Amsterdam, April 16, 2012 - A major 12-year study based on a Taiwanese population cohort has demonstrated that not only does diabetes increase the risk of developing Parkinson's disease more than 2-fold, the use of sulfonylureas, commonly used as treatment for diabetes, increases the risk further by about 57%. This study also found that by including metformin in the therapy, no increased risk in developing Parkinson's disease was recorded.
Metformin, found in the French lilac, Galega officinalis, was originally used in traditional European medicine, and introduced into France and Britain in the 1950s for the treatment of diabetes. It has a long and relatively safe record, is off patent and relatively inexpensive.
Professor Mark Wahlqvist, lead author of the study commented, "An exciting aspect of the finding is that metformin seems to be working to protect the brain against neurodegeneration which contributes to Parkinsonismin. This means it may also be considered a relevant therapy for the prevention of dementia as well."
While much needs to be done to understand the mechanism behind metformin's workings, a re-setting of the regulation of energy metabolism in cells, including the brain, probably takes place. A similar benefit would be expected from exercise and diet because that too is a way of establishing healthy energy regulation not only for the whole body, but for tissues and cells in the brain.
It appears that metformin has opened new ways to look at major diseases of modern society and how we may reduce the growing burdens of such diseases. Unlike other treatments for diabetes, metformin reduces cardiovascular mortality and several cancers, including those of the large bowel, liver and pancreas.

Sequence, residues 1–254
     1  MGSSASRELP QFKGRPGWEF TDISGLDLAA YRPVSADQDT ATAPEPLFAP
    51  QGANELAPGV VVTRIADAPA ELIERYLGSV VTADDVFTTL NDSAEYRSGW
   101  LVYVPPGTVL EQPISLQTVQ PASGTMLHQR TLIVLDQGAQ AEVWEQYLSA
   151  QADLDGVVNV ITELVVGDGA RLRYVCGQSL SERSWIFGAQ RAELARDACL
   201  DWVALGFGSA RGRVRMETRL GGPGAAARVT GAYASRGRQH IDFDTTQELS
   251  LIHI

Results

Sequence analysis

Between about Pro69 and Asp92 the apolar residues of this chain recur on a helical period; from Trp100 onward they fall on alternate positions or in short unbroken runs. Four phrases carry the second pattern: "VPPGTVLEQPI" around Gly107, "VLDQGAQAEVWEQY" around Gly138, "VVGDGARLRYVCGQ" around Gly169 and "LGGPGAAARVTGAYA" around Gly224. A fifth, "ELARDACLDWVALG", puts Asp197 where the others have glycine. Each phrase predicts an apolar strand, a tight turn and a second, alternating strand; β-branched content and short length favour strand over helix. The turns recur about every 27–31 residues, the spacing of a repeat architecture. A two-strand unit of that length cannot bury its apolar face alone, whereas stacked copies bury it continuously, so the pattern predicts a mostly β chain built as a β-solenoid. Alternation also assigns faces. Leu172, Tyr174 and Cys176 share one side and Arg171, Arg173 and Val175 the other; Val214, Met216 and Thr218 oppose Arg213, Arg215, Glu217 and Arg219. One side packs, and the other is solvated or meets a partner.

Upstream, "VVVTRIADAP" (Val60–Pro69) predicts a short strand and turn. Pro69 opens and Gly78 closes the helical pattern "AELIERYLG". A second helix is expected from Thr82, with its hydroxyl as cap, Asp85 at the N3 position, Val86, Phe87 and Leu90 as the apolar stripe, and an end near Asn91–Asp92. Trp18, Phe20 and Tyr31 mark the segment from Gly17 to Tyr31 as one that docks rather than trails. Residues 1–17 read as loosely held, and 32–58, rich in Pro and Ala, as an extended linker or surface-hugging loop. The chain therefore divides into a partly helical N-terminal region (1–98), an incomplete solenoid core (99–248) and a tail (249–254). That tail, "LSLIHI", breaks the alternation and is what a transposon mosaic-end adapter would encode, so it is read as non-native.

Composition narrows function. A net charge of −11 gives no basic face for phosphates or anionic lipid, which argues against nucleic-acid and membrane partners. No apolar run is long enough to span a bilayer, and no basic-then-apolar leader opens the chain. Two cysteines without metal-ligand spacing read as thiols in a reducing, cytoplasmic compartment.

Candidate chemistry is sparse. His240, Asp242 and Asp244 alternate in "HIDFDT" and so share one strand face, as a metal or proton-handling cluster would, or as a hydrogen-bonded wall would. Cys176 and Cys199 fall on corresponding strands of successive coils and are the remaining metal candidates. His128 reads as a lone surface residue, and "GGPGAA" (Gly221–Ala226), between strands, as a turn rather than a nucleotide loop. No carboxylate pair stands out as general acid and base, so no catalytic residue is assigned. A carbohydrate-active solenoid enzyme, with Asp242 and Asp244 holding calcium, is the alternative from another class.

The article is "Metformin-inclusive sulfonylurea therapy reduces the risk of Parkinson's disease occurring with Type 2 diabetes in a Taiwanese population cohort" by Mark L. Wahlqvist, Meei-Shyuan Lee, Chih-Cheng Hsu, Shao-Yuan Chuang, Jiunn-Tay Lee, Hsin-Ni Tsai (DOI: 10.1016/j.parkreldis.2012.03.010). The article is in press ahead of publication in Parkinsonism and Related Disorders, published by Elsevier.
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About Parkinsonism and Related Disorders
Parkinsonism & Related Disorders, the official journal of the WFN Association of Parkinsonism and Related Disorders, is an established journal publishing the results of basic and clinical research contributing to the understanding, diagnosis and treatment of all neurodegenerative syndromes in which parkinsonism, essential tremor or related movement disorders may be a feature.
The journal forms a truly international channel of communication between the research and clinical communities and publishes reviews, point of view articles, full length articles and short reports in the following topics: molecular biology, neuroanatomy, neurophysiology/electrophysiology, neuropharmacology, neuropsychology, neuroimaging, neurotoxicology, clinical phenomenology, surgical and pharmacological treatment, transplantation studies, relationship with aging, epidemiology/environmental impact factors and rehabilitation.
Parkinsonism & Related Disorders, with an Impact Factor of 3.245, is ranked 53rd out of 185 Clinical Neurology titles according to Thomson Reuters Journal Citation Reports® 2010.
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